I’d be very surprised to find a teacher that has fallen asleep at night thinking, “In what ways can I bore my students tomorrow?” However, school is changing — and with it, so are the roles of teachers and students.
Rows of individual student desks with a teacher in the front of the room are becoming a thing of the past. Collaborative and flexible workspaces with multiple teachers and support educators are the new norm.
The way we consume information has also changed, and teachers are no longer the sole sources of information with a duty to impart knowledge to our students. Students are consuming media and information every day — from the time they wake up until the time they fall asleep. They ask Google a question to be met with an instant response.
How might we adapt our roles as educators to facilitate learning and thinking in an impactful, purposeful way in this new learning environment?
There’s no doubt that expectations for student achievement have increased exponentially over the past two decades. To help students meet these expectations, schools have shifted to more evidence-based strategies, like peer teaching.
Peer teaching isn’t a single strategy — it is a full menu of learning techniques that can enhance student achievement, content knowledge, and student engagement. However, peer teaching can also be problematic for teachers, because employing this particular method means that students will be teaching each other.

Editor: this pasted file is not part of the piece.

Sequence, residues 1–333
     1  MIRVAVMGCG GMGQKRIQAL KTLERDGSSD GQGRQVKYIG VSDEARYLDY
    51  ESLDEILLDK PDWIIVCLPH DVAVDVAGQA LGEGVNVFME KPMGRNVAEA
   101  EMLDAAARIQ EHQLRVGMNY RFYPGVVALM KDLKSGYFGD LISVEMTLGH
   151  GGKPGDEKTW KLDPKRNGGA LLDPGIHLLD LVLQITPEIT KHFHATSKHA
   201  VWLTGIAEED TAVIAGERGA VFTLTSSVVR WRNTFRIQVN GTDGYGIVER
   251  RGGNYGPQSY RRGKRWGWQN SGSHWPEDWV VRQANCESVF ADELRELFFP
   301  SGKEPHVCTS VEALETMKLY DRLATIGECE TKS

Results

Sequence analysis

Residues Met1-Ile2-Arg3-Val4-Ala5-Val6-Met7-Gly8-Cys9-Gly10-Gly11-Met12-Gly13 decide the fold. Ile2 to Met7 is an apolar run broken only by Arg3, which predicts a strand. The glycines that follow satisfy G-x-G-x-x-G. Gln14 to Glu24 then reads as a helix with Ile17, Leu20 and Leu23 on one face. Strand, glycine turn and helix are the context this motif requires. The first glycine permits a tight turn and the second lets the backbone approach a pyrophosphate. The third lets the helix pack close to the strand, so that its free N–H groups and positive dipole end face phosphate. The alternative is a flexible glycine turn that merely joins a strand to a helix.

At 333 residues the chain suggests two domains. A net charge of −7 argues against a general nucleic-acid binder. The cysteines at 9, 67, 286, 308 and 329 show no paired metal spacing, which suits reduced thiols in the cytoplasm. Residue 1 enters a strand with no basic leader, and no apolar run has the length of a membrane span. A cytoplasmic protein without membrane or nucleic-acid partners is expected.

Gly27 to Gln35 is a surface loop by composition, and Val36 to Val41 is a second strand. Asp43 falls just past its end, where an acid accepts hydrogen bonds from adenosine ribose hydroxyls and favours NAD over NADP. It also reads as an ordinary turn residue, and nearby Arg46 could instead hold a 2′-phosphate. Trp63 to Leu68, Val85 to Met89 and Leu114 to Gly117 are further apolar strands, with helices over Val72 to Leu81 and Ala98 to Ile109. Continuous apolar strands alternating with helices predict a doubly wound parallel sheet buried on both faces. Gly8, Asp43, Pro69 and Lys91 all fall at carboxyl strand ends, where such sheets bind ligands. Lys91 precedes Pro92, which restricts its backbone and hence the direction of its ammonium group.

You might be thinking…
- My students aren’t experts. How can they teach this content to one another?
- What if they teach and learn the information incorrectly? Even if they do get it right, will the learning be superficial?
- What if parents bristle at the idea of students learning from students when the stakes are so high for student assessment?
- What about my professional responsibility? I’m the teacher, after all. Isn’t teaching my job?
All of these are valid concerns and worthy of some debate. But equally valid is the wealth of research that shows peer teaching works.
Are you ready to explore peer teaching in your classroom?
Whether you’re ready for just a taste or a full menu of strategies, we’ve got something for you to try!
Every teacher strives for an active classroom buzzing with engaged and eager students. However, even the most experienced teachers face days when it seems like they’re the only one talking and the students have simply tuned out. Or, perhaps your students are so engaged and so eager to participate that you’re having a tough time making sure that all student voices are heard.
Silence can bring even the best lesson to a screeching halt and the hand that never seems to go down is certainly a challenge. But whatever the reason behind your participation woes, if you have 12 minutes, we have 10 top-notch strategies you can learn today and try out tomorrow to boost active learning and student participation for all students in your classroom.